At today’s press conference, President-elect Barack Obama announced his team and confirmed his essential approach: a big, big stimulus package is coming. The description of an “economic crisis of historic proportions” sets the predicate for what is certain to be a huge government effort to “jolt” the economy.
We learned several noteworthy things. First, the emphasis on Tim Geithner’s international experience and vision confirms this is not a protectionist, inward-looking team. Second, Obama is clearly struggling to lower expectations, warning that things “are likely to get worse before they get better.” Third, in the question section, he gave a perfectly awful, rambling answer on taxes (during which the market dropped 40 points). He seemed reluctant to give up the notion of a tax increase, but allowed that he would rely on his advisors as to whether he would simply wait for the Bush tax cuts to expire. Fourth, he politely declined to criticize Hank Paulson, but did promsie that his administration would offer more clarity so that taxpayers and businesses understood their efforts to revive the economy. Fifth, he plainly wants to do an auto bailout, but was “surprised”–as he delicately put it–that the auto companies didn’t come with a plan to explain how the money would be spent. And finally, he clearly wants to have a final stimulus plan ready to sign in January.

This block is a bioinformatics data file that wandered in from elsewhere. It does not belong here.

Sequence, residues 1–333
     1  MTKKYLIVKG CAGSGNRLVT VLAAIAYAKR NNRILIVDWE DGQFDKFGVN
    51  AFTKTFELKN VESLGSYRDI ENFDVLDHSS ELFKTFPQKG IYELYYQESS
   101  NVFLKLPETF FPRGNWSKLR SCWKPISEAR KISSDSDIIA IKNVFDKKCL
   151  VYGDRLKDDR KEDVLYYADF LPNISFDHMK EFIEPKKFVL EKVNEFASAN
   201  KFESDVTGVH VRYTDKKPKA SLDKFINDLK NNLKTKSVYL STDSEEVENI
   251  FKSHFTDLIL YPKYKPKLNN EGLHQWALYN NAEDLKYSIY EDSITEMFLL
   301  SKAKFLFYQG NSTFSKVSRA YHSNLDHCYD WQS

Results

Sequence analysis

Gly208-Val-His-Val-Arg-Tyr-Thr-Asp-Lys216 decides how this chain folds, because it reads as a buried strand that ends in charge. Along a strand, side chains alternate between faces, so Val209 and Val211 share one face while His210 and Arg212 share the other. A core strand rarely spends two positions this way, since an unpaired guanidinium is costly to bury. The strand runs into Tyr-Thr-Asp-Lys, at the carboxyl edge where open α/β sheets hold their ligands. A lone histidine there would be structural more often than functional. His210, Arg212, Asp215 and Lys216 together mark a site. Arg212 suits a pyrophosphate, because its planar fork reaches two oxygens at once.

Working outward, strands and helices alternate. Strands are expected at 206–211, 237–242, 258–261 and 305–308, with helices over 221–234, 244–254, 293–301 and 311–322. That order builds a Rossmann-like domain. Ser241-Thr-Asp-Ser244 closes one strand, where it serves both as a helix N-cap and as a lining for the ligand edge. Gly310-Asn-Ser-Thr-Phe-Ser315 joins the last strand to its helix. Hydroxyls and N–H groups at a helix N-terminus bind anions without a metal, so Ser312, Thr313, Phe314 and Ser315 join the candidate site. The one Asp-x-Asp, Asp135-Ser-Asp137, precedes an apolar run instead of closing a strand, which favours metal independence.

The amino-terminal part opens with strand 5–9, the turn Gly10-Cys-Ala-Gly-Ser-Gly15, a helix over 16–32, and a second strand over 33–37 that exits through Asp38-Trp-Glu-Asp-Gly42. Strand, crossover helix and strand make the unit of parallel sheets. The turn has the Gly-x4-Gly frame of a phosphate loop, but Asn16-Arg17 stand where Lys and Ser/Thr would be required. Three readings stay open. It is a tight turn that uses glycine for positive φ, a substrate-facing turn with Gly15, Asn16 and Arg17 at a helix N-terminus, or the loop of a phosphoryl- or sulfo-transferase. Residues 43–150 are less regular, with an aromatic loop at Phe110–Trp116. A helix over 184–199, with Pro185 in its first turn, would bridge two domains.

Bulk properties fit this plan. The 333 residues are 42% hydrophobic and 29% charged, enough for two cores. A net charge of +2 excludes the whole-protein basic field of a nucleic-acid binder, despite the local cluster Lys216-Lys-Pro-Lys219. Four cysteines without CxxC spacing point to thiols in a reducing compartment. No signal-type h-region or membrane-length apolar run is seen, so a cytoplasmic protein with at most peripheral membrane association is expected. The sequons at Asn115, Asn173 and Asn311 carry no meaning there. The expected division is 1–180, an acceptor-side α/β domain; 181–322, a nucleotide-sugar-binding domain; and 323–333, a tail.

My overall impression: He is emphasizing bipartisanship. Which makes sense. He will need all the support he can get for what will plainly be the most extensive government intervention into the economy in a generation.